While Frank took on several different gangs in Daredevil, we didn’t see him come into contact with anyone from what’s been perhaps his favorite target over the years: the Maggia. The Maggia is Marvel Comics’ version of the Maffia and includes dozens of crime bosses and their criminal families. Different writers have had Frank take on different bosses and sometimes wipe out hundreds of their people at a time in the type of murderous spectacle that fans of The Punisher have come to expect. Of all the Maggia-related foes that the Punisher has faced, two of them might be perfect for the type of brutality Castle can dish out on Netflix: The Punisher’s arch-villain, Billy “Jigsaw” Russo and crazy ass Ma Gnucci.
Either of these two subplots could be easily adapted into a solo series and would give the MCU a chance to do a little better with two of Castle’s most iconic foes. Jigsaw is arguably the most well-known Punisher villain and has Frank to thank for his fancy new face. In the comics, Russo is associated with the men that kill Castle’s family and is hired to take care of Castle. Needless to say, he fails and, for his efforts, is thrown through a window by Frank, shredding his once handsome visage and turning him into something resembling a bag of crushed butt-holes. Like Kingpin and Daredevil, Jigsaw and The Punisher are fated to do battle for years, so introducing him here and telling us his origin might be just enough story to get us started.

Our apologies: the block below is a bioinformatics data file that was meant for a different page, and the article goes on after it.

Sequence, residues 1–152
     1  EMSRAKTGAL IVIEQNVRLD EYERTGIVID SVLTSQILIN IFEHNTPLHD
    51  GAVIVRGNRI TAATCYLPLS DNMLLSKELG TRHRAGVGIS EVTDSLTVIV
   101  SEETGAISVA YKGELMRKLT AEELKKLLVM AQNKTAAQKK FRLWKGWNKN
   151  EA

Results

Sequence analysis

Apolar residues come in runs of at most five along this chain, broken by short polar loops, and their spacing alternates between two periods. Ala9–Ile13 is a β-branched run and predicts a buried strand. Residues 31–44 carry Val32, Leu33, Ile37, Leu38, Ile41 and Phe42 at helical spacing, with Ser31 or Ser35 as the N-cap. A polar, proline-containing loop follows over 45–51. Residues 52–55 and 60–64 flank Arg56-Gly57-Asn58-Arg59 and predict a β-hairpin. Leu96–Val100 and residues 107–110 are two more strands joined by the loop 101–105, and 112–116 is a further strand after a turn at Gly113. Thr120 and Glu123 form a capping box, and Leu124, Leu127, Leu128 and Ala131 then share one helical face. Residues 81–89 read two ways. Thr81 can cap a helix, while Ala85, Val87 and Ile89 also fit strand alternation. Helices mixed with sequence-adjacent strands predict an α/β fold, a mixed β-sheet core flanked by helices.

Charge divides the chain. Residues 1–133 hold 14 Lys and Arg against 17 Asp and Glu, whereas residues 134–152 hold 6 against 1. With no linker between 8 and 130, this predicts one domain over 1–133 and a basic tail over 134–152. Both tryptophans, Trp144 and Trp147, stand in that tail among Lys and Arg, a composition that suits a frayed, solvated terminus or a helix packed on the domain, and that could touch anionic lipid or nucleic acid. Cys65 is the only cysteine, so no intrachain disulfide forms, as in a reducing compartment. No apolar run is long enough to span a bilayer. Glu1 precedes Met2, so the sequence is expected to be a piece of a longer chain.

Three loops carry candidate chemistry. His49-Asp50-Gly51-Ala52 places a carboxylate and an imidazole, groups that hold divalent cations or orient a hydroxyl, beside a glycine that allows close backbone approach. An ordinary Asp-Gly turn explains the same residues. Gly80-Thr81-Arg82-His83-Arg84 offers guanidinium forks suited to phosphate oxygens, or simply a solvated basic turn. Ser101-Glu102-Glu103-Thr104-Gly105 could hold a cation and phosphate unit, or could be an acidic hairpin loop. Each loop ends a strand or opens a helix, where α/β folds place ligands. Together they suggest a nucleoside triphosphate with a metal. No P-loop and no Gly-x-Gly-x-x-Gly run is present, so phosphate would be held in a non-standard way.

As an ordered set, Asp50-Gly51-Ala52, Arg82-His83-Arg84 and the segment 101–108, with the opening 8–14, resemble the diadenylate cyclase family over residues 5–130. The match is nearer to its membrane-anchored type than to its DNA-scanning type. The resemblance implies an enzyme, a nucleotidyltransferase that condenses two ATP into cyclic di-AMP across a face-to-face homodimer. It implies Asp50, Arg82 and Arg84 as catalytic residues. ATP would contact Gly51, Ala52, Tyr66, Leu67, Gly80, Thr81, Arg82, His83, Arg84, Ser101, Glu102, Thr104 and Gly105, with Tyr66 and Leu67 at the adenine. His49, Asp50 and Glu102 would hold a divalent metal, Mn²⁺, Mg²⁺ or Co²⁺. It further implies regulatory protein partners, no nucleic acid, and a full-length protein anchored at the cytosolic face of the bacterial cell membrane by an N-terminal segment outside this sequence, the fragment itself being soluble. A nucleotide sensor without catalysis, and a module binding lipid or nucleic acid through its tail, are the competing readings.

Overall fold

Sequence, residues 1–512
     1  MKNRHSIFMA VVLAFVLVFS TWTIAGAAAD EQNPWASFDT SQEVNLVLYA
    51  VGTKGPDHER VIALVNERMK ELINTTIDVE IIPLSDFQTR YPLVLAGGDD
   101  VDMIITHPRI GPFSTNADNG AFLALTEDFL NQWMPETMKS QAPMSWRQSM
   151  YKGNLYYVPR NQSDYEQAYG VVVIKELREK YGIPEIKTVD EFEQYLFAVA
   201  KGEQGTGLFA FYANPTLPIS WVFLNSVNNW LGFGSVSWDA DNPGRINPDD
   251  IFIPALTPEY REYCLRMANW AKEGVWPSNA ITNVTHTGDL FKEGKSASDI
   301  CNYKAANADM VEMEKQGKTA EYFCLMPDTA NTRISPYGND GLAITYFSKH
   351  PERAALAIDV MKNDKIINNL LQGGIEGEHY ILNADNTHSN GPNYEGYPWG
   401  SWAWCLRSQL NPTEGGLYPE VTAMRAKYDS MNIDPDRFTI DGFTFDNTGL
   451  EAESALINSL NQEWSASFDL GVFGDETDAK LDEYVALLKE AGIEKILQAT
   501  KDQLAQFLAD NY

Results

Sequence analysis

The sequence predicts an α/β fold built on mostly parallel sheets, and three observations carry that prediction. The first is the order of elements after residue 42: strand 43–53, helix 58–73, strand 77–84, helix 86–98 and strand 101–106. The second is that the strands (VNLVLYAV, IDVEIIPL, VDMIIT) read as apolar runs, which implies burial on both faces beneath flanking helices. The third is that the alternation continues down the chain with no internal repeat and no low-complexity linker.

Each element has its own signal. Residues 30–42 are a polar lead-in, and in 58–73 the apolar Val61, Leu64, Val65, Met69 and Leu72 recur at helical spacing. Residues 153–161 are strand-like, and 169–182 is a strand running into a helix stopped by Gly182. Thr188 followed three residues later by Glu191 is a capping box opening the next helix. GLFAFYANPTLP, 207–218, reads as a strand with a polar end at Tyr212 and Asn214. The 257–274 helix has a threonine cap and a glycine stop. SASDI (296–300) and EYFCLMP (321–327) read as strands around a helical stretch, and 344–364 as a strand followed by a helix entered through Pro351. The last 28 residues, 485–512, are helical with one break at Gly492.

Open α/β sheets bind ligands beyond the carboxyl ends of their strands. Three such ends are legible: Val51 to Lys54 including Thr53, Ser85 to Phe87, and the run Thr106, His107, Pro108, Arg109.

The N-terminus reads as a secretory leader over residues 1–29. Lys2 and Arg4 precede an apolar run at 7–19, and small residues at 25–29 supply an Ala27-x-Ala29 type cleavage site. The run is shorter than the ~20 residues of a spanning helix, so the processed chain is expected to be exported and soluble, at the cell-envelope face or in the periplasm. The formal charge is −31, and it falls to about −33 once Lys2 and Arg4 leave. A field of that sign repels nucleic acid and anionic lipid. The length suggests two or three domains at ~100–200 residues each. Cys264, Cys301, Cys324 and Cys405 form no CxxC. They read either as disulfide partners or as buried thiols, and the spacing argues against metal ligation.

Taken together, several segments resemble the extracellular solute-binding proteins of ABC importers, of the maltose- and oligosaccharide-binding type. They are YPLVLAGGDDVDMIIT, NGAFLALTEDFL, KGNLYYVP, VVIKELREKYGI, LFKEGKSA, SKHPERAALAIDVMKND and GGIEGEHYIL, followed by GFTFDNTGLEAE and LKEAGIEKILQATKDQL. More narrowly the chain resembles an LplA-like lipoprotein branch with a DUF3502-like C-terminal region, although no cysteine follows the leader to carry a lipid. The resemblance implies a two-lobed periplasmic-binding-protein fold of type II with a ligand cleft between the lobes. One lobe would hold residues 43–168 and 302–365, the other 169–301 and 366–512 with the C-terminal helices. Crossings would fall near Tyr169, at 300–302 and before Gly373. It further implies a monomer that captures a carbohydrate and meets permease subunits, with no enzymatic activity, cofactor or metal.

Frank taking out Ma Gnucci’s family in his war on scum would likely result in the introduction of one of Castle’s most formidable foes: The Russian. Fans of the Thomas Jane Punisher film likely remember Kevin Nash‘s monstrous Russian from the crazy fight that sprawled across Castle’s entire apartment complex. That version of the Russian was a decent facsimile of the comic book character, but having him appear over several episodes of a series would give us time to appreciate the inherent weirdness of the Russian…maybe we’d even find out he started a Daredevil fan-club on Facebook.
With a character that has a back catalog as dense as Frank Castle’s, there are countless stories to be told and these are but a few. These stories represent ones best told as Frank is just beginning his career as The Punisher and cutting a path through the underworld of New York. Many other stories, including the recent wonderful run by Nathan Edmonson deserve to be told, but seem to fit in further down the road when there’s a more established, veteran Punisher on the streets. For now, establishing his backstory through further exposition, cleaning up some of these military mysteries and giving him someone to hate seems right and seems to be about what we can expect from a Punisher solo series, if and when one is announced.